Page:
Do YouTube Subscriptions Make Money?

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In most cases, a user subscribing to a YouTube channel does not directly bring revenue to the video uploader. However, it can increase the number of views the channel's videos receive and, in turn, its advertising revenue. In 2013 YouTube launched a limited trial of channels which were only accessible by users paying a subscription fee.

Standard Subscriptions

  • YouTube users can subscribe to a channel, which is the collection of videos uploaded by a particular organization or person. This has three main effects. Firstly, the user will automatically be able to go straight to the subscribed channel of videos through links on the YouTube website and in mobile and set-top box applications. Secondly, the subscription will affect the videos contained in the "What to watch" suggestion list when the user visits YouTube. Finally, the user can opt to get email alerts when the channel operator uploads a new video.

Effects

  • You will not get a direct payment for the fact that somebody has used the standard subscribe option for your website. However, it will increase the number of ways and times in which the user becomes aware you have uploaded a new video. This in turn will increase the number of views you get on videos, which will boost your revenue if you have allowed advertising on the channel. You may also get an indirect boost to your business if you are promoting your products and services through your YouTube videos.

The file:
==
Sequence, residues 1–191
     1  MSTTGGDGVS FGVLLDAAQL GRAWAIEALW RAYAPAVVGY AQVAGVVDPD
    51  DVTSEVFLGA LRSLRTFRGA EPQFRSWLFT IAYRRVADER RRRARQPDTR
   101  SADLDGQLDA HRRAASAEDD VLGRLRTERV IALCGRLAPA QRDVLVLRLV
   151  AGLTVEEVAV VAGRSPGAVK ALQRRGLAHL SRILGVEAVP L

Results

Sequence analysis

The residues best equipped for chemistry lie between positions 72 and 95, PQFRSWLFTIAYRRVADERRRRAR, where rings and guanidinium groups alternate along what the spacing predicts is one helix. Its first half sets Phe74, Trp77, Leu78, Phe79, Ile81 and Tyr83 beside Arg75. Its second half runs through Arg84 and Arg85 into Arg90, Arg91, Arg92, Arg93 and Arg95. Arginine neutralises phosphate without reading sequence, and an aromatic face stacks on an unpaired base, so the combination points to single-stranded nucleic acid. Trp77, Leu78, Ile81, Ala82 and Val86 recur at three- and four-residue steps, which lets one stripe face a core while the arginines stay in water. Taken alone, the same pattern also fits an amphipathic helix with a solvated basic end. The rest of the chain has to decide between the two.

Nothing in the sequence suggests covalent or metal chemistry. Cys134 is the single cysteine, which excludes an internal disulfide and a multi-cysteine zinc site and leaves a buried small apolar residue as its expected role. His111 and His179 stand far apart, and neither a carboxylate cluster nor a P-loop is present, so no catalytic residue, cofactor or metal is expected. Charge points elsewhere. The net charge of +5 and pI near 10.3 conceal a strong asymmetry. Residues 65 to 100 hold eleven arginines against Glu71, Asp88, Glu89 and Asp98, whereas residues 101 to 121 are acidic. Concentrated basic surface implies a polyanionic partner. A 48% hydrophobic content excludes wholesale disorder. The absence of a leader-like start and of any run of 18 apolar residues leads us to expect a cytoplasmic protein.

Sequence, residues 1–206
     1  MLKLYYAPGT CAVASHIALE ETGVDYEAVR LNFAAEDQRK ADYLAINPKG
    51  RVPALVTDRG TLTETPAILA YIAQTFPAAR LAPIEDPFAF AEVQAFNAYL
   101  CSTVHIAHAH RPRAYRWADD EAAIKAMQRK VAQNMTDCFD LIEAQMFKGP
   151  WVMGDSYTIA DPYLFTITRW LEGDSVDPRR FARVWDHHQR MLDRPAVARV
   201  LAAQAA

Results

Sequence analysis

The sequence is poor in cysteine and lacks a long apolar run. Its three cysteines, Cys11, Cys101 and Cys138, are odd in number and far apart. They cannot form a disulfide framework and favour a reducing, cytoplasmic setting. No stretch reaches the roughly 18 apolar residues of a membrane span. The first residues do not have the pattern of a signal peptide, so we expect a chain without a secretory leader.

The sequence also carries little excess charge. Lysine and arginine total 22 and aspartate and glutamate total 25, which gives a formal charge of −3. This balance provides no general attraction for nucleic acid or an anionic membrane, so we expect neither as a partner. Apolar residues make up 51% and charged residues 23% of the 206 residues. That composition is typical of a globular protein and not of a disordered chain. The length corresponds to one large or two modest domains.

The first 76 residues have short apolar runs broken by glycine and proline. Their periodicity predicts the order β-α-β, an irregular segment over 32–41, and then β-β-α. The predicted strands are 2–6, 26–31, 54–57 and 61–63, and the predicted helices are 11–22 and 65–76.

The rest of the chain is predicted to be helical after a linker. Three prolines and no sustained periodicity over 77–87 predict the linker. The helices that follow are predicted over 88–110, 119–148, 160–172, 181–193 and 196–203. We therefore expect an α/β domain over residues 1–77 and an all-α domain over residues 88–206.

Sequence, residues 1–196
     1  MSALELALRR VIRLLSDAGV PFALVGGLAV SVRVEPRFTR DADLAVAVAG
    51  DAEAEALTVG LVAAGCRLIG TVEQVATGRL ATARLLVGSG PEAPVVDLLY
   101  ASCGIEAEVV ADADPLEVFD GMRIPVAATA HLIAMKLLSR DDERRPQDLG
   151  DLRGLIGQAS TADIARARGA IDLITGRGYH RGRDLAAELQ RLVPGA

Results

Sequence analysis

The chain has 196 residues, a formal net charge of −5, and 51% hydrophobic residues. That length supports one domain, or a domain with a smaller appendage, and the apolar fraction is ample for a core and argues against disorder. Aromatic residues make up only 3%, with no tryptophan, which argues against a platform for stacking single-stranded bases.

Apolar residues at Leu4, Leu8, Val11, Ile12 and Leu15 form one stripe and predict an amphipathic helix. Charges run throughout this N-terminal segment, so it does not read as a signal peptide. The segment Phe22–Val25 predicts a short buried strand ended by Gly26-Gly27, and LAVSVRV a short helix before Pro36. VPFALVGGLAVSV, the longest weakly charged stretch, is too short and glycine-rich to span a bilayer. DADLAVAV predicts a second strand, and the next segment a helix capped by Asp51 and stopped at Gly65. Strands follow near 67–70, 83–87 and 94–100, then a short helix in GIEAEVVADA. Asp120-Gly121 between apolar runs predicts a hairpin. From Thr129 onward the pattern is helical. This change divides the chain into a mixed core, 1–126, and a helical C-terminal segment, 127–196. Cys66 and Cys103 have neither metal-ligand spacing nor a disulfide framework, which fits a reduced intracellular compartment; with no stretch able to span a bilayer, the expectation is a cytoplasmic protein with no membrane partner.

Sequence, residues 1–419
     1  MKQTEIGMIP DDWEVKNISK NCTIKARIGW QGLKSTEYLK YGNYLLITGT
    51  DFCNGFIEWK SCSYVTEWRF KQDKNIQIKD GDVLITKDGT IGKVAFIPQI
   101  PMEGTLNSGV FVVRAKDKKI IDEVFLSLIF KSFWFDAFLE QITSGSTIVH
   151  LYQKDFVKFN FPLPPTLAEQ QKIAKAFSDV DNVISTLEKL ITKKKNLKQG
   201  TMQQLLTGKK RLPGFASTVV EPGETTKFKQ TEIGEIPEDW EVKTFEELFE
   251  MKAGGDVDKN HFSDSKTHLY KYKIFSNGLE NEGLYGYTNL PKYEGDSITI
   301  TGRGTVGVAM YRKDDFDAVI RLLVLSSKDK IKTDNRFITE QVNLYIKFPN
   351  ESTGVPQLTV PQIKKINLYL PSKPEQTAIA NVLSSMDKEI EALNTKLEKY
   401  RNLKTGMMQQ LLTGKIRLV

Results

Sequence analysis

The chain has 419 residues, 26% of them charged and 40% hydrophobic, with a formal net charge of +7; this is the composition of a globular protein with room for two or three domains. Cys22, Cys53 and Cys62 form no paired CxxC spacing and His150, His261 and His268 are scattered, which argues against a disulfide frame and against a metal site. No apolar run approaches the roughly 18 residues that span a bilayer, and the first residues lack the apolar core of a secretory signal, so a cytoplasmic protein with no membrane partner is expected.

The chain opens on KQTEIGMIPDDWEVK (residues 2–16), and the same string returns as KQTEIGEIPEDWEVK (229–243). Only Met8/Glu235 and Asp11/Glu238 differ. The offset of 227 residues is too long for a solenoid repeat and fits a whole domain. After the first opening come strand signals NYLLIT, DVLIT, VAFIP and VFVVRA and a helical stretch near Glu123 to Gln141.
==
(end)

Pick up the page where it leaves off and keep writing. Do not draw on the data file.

Paid Subscriptions

  • In May 2013, YouTube announced a trial of paid subscriptions for certain channels. As of September 2013, 37 channels had paid subscription options. Only users who have paid for a subscription are able to see videos on the channels, so they will need to be logged in to their Account. Users get a 14-day free trial and then pay a monthly fee through the Google Wallet payment system, with fees starting at 99 cents. Exactly how the revenue is divided is not public knowledge, though YouTube has indicated it is similar to the way advertising works, in which the content provider gets 55 percent and YouTube 45 percent.

Planned Changes

  • Initially the paid channels option was only available to selected content providers, mainly media groups and large entertainment brands. Most of these maintained their existing free channels but launched new paid channels with premium content, often archive material that wasn't previously available online. In August 2013, YouTube announced it plans to make the option available to any channel owner who already has 10,000 (unpaid) subscribers; this change was scheduled for some point in Fall 2013.

References

  • Photo Credit Ethan Miller/Getty Images News/Getty Images
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